Distinguished Guests, Fellow Cypriots, Dear Friends,
On 29 April 2021, the day the latest effort to restart negotiations for the solution to the Cyprus issue came to a close, the Secretary General of the United Nations stated his determination to fight for the security and well-being of the Cypriots, of the Greek Cypriots and the Turkish Cypriots, that deserve to live in peace and prosperity together.
Indeed, the Cypriot people not only deserve, but have a right to be allowed to prosper in a reunified country, free from the Turkish occupation troops and rid of the anachronistic system of guarantees. It was with great disappointment that we watched the Secretary General conclude at the end of the informal talks in Geneva last April that there was not enough ground, at that time, to restart formal negotiations. This, however, did not come as a surprise. The Turkish side, even before Geneva, and particularly since the change in the Turkish Cypriot leadership last October, has put its efforts behind seeking the partition of Cyprus and openly advocating for a two state solution. How can there be common ground on a premise such as this? A position that falls totally outside the agreed UN parameters for a solution to the Cyprus problem and contradicts all UN Security Council resolutions on Cyprus. Not to mention the absolute disregard for the numerous convergences and the body of work achieved through painstaking negotiations, culminating in Crans Montana in 2017.
Cypriots, whether Greek, Turkish, Armenian, Maronite, Latin, deserve to live together, in peace, in a modern, functional, independent, European country. In a bizonal, bicommunal federation, with political equality, as defined in UN Security Council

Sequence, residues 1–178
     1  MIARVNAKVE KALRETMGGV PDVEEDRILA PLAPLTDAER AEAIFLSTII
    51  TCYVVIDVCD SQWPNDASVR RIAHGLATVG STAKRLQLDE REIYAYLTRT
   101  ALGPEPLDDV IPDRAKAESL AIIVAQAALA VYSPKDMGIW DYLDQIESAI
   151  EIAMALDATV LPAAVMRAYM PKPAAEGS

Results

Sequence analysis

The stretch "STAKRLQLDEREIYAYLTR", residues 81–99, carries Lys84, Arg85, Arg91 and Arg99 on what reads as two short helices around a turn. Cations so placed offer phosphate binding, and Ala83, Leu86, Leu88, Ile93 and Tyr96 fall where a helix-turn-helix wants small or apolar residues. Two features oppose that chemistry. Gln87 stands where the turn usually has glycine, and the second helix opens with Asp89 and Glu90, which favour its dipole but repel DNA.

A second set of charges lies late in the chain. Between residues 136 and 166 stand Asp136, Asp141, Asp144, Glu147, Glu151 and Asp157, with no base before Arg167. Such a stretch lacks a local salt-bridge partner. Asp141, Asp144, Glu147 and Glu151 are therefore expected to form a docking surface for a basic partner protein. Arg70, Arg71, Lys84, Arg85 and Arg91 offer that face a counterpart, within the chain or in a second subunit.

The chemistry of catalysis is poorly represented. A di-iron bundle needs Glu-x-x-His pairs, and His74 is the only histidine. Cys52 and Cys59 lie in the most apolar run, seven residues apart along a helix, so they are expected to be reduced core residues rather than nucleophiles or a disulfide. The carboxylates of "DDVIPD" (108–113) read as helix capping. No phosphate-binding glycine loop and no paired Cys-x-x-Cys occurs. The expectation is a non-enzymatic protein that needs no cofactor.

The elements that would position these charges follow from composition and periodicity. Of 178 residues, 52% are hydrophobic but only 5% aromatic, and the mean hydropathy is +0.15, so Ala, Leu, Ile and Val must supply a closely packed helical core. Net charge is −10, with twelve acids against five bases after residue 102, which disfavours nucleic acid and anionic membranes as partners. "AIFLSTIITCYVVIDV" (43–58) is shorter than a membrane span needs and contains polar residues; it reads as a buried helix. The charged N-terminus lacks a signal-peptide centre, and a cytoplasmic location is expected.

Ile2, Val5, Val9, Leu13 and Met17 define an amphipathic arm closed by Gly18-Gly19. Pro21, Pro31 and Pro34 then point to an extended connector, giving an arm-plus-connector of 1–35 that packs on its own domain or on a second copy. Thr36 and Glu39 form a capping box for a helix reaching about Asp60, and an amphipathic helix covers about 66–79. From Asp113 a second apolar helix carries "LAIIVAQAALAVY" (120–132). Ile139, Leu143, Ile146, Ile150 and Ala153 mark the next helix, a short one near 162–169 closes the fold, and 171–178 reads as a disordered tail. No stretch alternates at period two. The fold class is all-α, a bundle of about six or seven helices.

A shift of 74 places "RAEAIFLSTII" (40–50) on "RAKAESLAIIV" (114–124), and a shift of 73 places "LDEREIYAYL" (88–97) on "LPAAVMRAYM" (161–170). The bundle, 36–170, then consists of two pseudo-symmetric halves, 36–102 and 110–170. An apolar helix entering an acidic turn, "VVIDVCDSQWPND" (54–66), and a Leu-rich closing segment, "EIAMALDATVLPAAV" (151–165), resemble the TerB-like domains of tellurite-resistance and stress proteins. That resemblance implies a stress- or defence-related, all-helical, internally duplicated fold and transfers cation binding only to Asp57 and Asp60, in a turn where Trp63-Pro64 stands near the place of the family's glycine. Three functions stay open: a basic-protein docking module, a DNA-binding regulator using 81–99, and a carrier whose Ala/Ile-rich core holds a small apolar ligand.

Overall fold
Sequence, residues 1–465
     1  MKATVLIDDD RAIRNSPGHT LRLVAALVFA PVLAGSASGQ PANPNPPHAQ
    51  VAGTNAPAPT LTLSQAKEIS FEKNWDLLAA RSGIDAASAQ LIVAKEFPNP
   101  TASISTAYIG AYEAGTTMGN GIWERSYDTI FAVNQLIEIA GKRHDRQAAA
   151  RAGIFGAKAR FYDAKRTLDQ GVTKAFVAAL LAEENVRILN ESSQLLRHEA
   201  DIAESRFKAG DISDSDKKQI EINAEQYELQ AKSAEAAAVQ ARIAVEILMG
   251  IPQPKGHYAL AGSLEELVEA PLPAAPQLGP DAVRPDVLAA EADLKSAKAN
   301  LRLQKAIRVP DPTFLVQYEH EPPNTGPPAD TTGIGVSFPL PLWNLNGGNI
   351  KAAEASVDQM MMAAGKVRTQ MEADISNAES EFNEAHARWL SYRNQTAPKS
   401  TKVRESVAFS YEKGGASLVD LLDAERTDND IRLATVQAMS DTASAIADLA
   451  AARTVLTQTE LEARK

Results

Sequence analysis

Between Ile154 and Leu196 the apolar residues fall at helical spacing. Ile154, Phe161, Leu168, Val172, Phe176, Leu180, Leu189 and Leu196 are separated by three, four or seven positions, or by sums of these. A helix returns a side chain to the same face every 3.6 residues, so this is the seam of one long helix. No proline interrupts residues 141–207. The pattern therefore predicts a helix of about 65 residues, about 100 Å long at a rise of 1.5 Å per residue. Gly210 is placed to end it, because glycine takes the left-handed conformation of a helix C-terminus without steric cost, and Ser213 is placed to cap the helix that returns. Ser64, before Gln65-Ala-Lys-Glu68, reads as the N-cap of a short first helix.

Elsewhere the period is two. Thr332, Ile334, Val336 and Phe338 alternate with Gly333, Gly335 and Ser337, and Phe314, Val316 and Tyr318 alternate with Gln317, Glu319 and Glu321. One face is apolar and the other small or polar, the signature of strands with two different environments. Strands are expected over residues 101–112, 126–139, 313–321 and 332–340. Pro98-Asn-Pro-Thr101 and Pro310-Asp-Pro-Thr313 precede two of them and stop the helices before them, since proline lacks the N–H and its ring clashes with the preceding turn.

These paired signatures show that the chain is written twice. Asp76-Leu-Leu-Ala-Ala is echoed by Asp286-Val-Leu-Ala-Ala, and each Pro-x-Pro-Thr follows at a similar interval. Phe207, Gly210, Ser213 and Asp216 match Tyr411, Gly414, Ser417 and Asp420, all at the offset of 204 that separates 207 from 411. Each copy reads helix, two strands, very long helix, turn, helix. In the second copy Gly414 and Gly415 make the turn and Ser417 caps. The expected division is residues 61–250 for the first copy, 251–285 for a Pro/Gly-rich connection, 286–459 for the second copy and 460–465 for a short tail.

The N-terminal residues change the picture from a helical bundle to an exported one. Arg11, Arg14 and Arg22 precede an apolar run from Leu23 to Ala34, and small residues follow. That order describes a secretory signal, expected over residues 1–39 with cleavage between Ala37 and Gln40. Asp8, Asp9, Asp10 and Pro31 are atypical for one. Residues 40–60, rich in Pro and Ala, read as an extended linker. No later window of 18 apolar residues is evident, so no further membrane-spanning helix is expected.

Resolutions. In a reunified state, with a single sovereignty, single citizenship and single international personality. This is the fundamental position President Anastasiades reiterated again most recently in Geneva. A solution also fully aligned with the values and principles on which the EU is founded and the EU acquis, given that Cyprus is and will remain an EU member state after the solution. Our friends and partners, like the UK, need to also repeat publicly and privately to Turkey this basic understanding, so that the Turkish side hears loud and clear that partition is not an option for Cyprus and the solution is to be found within the agreed UN framework.
I would like to recognise the presence of the Members of Parliament, Ms Catherine West and Mr Bambos Charalambous and thank them for their presence and applaud their efforts, as well as the many other vocal supporters of the Cypriot cause for reunification. Thank you. It is through this collective effort, through your voice in Parliament, both individually and collectively through the All Party Parliamentary Group, through all your voices in the social media space and through other means, that we keep Cyprus on the radarscreen and at the forefront of the UK government’s agenda.
My thanks and appreciation are directed also to the National Federation of Cypriots led by its President Christos Karaolis for all their tireless efforts and advocacy here in the United Kingdom to add voice to the call of the people of Cyprus who want to live in peace and security in a reunited Cyprus free from occupation troops.
I would also take this opportunity to express my appreciation to my friend the Greek Ambassador for being here today. Your presence reflects the continuing support of Greece and its people who stand shoulder to shoulder with Cyprus in all efforts on the international scene, whether within the EU or wider afield, to push for a just and viable solution of the Cyprus Problem.
If we can hope for any progress at the next informal meeting that the UN Secretary General intends to hold in the coming months, it is imperative that all parties come in good faith, work for the benefit of the Cypriot people and safeguard the independence and territorial integrity of the island. To date, this is lucking totally on the part of Turkey and Mr Tatar. Quite the opposite, if we look at their actions and statements.